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All communities are imagined communities, for the process of communalization always contains an imaginative element (Anderson 2006; Brow 1990). This paper explores one facet of how communities in the Roman provinces of Spain and Gaul imagined themselves, namely the centripetal role of heroes and eponymous divinities. The function of heroes and their tombs in the memorial landscape of the Greek East under Roman rule has been illuminated in recent work (e.g. Alcock 1993, 2002), but has not received similar attention in the West. Indeed, this is part of a larger trend in scholarship that has, on the one hand, focused on the ‘forgetfulness’ of the peoples of Spain and Gaul (Woolf 1996), and, on the other, has elided the fundamental importance of local identities (e.g. Woolf 1998). Through a combination of wide range of literary, epigraphic, and archaeological evidence, the paper offers one lens through which to examine local identity and social memory more broadly and to reappraise religion as a meaningful vehicle thereof.

The study begins with brief survey of local heroes in the provincial landscapes of Spain and Gaul: Gallo-Roman heroa (Grenier 1944; CIL 13.1571); the ‘Lusitanian warrior’ statues from the northwest Iberian peninsula, which have been interpreted as representations of heroicized local principes that served as guardians of the community (Ferreira da Silva 1986); and the reuse of prehistoric monumental tombs as ‘places of memory’ in the Roman period (Bradley 2002). The analysis then turns to the complementary role in community-building played by the cult of eponymous divinities like Igaedus, Arvernus, Mocetis, and Bibracte (worshipped by the people of the Igaeditani, the Arverni, the Mocetes, and the oppidum of Bibracte respectively). But the community of Nemausus (modern Nîmes, France) serves as the chief case study for understanding the complex nexus of meanings potentially associated with these types of divinities: its founder – Nemausos – was said to have been a companion of Hercules (Parthenius F 47), whose wanderings in the West are a well-known ethnographic topos. This tradition, which seems to have taken shape in the first century BCE alongside other invented pasts throughout Gaul, reimagined a pre-Roman divinity as a Greek-style culture hero. It is a tale negotiated on a ‘middle ground’ (cf. Woolf 2011), situated somewhere between local memory and Greek myth. Even after the promotion of Nemausus to colonial status by Augustus, the cult of its ‘founder’ retained a central place of the ritual life of the community (see e.g. CIL 12.3077). Such generative intersections of local and imperial discourses were surely more widespread that the surviving fragments of the literary and epigraphic records suggest. Finally, the discussion moves into an interrogation of the relationship in provincial communities between history, memory, and religion with the enigmatic figure of Moritasgus, who was the king of the civitas of the Senones when Caesar arrived in Gaul (Bellum Gallicum 5.54) and around whom a cult seems to have developed in the first century CE at the old oppidum of Alesia (CIL 13.2873, 11240-2).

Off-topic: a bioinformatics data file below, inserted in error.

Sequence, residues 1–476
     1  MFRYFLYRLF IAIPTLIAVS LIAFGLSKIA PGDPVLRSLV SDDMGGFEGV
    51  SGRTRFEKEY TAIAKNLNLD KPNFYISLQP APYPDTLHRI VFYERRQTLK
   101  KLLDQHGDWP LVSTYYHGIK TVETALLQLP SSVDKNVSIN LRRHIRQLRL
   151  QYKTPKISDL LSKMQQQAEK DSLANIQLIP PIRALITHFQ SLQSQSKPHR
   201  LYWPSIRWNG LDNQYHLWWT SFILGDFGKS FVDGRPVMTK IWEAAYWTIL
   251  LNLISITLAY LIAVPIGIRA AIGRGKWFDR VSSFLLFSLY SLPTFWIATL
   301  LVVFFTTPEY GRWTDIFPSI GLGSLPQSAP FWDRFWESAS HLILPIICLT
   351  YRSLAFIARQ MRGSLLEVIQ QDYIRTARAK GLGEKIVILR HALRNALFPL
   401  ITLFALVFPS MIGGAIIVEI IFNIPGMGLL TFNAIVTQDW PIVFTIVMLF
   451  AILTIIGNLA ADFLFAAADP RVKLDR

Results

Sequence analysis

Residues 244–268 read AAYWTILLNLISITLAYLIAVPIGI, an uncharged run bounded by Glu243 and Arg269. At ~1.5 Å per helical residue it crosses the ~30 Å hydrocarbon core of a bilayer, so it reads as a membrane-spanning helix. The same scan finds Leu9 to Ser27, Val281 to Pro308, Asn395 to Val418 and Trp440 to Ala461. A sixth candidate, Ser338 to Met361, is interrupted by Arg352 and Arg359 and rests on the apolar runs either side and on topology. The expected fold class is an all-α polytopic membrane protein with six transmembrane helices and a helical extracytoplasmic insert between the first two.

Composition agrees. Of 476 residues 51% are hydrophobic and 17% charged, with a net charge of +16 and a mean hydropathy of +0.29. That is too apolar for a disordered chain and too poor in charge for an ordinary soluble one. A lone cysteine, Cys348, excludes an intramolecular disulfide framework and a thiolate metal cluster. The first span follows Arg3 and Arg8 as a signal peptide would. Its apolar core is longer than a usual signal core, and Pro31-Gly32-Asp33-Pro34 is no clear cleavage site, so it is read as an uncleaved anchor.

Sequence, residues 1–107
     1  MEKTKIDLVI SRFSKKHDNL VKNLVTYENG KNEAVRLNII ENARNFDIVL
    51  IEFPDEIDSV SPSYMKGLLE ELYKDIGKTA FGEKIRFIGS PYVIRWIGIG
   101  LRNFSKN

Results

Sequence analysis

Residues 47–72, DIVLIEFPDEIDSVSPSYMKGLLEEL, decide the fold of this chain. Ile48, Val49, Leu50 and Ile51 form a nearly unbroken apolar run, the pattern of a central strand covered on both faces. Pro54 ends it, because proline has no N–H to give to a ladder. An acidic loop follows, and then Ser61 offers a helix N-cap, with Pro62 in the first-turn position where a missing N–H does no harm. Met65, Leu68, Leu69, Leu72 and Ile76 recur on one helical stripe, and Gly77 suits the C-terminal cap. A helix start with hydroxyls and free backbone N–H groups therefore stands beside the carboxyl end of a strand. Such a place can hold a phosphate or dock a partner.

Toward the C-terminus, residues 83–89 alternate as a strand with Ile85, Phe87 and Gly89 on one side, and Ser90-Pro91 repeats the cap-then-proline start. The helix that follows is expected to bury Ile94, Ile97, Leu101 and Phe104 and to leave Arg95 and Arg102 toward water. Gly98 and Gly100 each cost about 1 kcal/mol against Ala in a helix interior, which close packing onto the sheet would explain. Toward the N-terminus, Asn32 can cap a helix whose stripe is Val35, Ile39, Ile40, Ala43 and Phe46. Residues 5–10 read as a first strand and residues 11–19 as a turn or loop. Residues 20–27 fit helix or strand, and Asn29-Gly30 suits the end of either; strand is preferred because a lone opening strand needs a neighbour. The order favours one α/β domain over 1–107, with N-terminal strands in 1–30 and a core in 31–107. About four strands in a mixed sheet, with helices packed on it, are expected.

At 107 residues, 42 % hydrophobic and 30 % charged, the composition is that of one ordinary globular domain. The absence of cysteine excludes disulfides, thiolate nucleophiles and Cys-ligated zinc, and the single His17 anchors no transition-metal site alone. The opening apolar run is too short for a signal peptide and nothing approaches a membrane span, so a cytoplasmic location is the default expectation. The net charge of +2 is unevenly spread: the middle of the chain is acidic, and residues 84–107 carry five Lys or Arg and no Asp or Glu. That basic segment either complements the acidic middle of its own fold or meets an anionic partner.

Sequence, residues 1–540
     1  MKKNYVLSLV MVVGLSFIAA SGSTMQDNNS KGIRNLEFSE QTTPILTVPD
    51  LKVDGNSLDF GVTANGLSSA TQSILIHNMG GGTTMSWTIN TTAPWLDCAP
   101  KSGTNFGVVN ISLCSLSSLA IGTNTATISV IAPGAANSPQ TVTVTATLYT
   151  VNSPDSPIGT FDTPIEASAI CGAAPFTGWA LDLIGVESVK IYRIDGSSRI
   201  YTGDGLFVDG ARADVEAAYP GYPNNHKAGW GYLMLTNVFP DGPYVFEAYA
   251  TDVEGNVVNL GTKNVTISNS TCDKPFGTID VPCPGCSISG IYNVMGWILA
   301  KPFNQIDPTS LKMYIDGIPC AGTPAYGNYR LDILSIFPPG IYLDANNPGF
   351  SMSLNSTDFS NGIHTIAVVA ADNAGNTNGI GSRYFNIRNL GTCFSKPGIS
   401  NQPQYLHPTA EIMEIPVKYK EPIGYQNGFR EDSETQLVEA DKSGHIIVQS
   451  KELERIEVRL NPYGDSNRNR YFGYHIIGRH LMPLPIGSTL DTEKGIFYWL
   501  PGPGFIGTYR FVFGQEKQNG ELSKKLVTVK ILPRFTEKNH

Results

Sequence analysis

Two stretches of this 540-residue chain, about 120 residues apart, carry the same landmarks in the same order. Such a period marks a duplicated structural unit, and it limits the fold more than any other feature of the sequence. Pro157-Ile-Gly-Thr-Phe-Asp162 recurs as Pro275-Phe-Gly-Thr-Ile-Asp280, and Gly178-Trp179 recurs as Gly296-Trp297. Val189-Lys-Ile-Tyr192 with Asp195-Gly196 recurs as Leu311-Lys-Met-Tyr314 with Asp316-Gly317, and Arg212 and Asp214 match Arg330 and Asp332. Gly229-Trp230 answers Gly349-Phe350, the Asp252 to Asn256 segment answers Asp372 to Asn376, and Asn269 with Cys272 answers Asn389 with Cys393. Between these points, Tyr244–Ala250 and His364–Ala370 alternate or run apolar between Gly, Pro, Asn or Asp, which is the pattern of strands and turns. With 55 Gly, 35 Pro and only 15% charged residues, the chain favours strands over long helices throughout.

In the end, this paper hopes ultimately to show how we might adapt the claim of Durkheim that religion is society worshiping itself (Durkheim 1912) to a Roman provincial context, arguing that the cult of local heroes and eponymous divinities is a community imagining – and remembering – itself.


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—— (1998) Becoming Roman. Cambridge.

—— (2011) Tales of the Barbarians: Ethnography and Empire in the Roman West. Oxford.

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